The global shortage of the diabetes medication Ozempic has diabetics like Eleanor Michael from Sipekne’katik worried about finding alternatives.
Ozempic has seen a skyrocketing global demand, in part due to prescriptions related to weight loss.
Michael, whose Mi’kmaw community is about 50 kilometres northwest of Halifax, was diagnosed with diabetes earlier this year and prescribed the drug but now she can’t fill her prescription.
“[Ozempic] was keeping my sugars down,” Michael said.
She said she’s scared to try other medications, because arthritis medicine she also takes increases her blood sugar levels.
First Nations people living on-reserve have rates of diabetes three to five times higher than non-Indigenous people in Canada, according to the Government of Canada.
Michael said Ozempic was helping curb her appetite for unhealthy foods. She took a break in the summer for two weeks to see how her body would respond to the arthritis medication, but once her blood sugar climbed she went back on it.
She said she’ll continue to work with her pharmacist and doctor to come up with a game plan to maintain her health but also worries about putting on weight without Ozempic.
Cheryl Gehue, band councillor for Sipekne’katik and a diabetic herself, said Ozempic worked well to help her control her blood sugar levels.
Gehue said she ran out of Ozempic two weeks ago and although alternative drugs like Trulicity were offered, it wasn’t covered by the Non-Insured Health Benefits program that helps cover the cost of prescriptions for First Nations and Inuit patients.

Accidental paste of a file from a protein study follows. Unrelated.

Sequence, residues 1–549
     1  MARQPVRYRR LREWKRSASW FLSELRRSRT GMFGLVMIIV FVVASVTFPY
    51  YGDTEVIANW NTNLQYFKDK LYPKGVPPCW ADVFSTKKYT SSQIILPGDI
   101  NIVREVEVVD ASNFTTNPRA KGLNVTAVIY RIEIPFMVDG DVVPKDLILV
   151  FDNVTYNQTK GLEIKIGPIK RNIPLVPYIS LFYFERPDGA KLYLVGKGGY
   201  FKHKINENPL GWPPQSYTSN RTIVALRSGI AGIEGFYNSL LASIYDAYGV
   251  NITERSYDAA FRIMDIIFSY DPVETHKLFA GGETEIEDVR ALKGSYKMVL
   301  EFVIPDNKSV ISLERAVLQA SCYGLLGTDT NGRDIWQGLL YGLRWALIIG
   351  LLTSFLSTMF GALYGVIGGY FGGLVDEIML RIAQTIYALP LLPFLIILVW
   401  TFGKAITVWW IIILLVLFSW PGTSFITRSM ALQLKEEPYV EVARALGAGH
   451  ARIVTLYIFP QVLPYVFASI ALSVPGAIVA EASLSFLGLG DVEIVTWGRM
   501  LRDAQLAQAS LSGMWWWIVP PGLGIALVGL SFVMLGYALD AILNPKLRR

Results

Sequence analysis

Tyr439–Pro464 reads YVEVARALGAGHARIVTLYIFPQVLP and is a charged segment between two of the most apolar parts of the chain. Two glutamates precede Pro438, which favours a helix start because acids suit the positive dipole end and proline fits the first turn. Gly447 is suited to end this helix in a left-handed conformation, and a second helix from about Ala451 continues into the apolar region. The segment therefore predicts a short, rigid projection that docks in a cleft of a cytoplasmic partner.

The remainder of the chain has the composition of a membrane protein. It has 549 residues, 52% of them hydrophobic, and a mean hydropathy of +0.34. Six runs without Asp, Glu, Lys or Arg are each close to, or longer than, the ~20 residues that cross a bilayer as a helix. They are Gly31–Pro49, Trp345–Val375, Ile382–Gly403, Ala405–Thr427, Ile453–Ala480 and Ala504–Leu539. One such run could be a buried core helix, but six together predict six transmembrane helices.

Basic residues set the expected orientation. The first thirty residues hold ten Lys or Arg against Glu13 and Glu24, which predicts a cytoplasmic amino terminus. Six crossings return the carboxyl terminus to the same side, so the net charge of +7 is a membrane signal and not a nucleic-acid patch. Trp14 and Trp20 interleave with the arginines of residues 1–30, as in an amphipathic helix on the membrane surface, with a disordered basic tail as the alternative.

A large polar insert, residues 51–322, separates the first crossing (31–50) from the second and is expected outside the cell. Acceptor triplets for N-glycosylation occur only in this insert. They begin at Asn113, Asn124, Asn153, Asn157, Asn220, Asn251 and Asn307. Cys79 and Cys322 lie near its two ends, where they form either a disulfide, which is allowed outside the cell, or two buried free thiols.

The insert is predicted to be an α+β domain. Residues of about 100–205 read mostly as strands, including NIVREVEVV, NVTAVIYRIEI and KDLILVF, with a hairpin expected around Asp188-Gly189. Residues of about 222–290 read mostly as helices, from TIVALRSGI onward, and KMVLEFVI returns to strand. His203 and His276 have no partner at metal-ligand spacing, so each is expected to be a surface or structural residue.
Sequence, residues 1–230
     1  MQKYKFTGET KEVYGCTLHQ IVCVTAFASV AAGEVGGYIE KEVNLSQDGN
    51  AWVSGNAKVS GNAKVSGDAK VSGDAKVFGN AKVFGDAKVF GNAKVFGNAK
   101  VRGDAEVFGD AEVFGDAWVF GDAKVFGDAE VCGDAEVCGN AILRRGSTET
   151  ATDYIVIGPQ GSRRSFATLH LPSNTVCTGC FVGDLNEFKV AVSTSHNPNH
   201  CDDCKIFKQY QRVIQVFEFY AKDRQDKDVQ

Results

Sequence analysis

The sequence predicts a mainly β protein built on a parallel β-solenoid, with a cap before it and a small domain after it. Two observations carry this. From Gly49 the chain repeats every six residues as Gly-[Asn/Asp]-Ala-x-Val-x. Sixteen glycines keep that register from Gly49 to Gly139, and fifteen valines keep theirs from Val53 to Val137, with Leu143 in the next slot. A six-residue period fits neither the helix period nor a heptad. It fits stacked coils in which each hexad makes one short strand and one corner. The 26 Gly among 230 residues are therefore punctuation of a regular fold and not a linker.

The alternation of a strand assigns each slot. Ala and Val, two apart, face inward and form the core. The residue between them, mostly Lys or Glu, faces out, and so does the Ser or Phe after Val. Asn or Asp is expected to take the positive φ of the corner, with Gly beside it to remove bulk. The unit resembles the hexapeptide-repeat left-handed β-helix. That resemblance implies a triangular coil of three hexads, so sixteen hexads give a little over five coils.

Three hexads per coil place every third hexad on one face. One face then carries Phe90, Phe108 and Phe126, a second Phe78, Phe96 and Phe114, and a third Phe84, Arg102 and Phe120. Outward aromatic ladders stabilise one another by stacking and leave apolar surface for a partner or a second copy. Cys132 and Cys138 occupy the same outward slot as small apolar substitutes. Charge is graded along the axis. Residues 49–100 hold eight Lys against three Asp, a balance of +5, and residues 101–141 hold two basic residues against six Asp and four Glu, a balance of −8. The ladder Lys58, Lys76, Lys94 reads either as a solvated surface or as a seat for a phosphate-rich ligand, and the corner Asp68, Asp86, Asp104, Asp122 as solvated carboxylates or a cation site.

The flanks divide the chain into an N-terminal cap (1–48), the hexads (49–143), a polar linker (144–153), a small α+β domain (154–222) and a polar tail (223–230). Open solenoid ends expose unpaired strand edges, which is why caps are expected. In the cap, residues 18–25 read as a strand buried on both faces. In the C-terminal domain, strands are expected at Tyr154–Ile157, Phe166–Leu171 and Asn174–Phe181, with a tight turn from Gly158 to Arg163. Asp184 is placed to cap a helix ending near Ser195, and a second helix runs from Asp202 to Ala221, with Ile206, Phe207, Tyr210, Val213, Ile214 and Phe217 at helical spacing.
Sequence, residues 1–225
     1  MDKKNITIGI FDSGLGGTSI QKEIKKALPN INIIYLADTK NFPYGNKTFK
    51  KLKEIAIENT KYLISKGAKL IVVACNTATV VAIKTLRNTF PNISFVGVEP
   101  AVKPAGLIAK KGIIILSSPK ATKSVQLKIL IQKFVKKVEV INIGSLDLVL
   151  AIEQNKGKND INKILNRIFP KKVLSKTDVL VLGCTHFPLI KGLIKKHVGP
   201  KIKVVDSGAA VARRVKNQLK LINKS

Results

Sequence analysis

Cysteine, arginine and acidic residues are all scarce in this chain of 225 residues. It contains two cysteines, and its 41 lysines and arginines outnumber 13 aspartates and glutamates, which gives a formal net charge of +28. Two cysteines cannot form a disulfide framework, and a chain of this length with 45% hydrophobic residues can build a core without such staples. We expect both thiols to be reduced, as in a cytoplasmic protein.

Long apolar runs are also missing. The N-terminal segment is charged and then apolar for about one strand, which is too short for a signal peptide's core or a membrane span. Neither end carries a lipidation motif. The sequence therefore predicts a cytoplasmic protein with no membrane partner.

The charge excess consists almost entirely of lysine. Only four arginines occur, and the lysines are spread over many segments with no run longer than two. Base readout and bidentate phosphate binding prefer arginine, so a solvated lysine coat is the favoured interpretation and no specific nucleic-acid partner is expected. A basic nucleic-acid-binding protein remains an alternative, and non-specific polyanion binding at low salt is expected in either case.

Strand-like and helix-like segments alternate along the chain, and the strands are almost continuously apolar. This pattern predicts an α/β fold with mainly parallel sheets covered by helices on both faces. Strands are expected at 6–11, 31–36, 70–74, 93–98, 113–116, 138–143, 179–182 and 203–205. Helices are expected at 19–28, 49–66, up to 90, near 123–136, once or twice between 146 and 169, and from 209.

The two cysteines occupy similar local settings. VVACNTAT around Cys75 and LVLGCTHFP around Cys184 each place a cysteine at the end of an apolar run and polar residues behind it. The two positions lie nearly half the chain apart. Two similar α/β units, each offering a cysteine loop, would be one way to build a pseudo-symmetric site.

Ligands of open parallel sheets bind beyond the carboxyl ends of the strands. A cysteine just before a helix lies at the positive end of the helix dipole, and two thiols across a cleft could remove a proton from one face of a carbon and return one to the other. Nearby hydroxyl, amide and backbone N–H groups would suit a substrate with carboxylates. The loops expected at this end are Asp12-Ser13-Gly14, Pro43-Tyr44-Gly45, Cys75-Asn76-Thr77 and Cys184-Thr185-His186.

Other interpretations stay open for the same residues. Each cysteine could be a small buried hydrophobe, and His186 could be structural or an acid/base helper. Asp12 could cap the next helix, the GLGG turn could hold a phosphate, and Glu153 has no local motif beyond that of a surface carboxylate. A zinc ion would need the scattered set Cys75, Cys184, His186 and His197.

“There needs to be a strategy put in place for once [Ozempic] comes back on the market on how to roll it out within our First Nations communities,” said Gehue, 54.
In an email, Health Canada said it was working closely with Novo Nordisk, the maker of Ozempic, to monitor supplies but shortages are expected to continue until March 31, 2024.
Janet Gordon, COO of the Sioux Lookout First Nations Health Authority, said she had a family member go months without filling their Ozempic prescription.
Gordon said her organization serves over 30 First Nations communities in northern Ontario, many of which are isolated and struggle to keep health-care workers and a flow of prescription medication.
“It makes it harder for the continuity of care and we have seen that in diabetes care for sure,” said Gordon.
She said they have to rely on public health nurses to teach diabetic education and if a patient requires dialysis they often have to leave their community.
Gordan said they have developed a regional strategy for diabetic care, to ensure people stay in community for culturally safe and integrated care but it lacks adequate funding to implement.
There are still barriers to healthy eating and lifestyle changes in First Nations communities such as poverty rates and food insecurity, said Sharon Rudderham, director of health transformation for Tajikeimɨk, a Mi’kmaw health organization, but she encourages people to keep trying.
“People can just try their best and look at alternatives that might be more affordable,” said Rudderham.